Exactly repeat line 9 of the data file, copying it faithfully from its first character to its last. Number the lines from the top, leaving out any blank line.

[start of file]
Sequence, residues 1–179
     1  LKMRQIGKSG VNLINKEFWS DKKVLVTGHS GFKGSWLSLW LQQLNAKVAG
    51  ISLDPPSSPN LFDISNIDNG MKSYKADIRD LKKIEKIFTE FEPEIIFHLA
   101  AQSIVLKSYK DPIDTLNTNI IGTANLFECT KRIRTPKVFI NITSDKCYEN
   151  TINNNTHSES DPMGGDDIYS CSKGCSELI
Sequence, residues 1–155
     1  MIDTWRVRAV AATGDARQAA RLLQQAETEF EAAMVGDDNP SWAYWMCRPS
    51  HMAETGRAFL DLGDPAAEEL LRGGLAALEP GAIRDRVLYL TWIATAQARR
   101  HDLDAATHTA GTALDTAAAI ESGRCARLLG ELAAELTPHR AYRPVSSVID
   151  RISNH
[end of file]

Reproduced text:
   101  HDLDAATHTA GTALDTAAAI ESGRCARLLG ELAAELTPHR AYRPVSSVID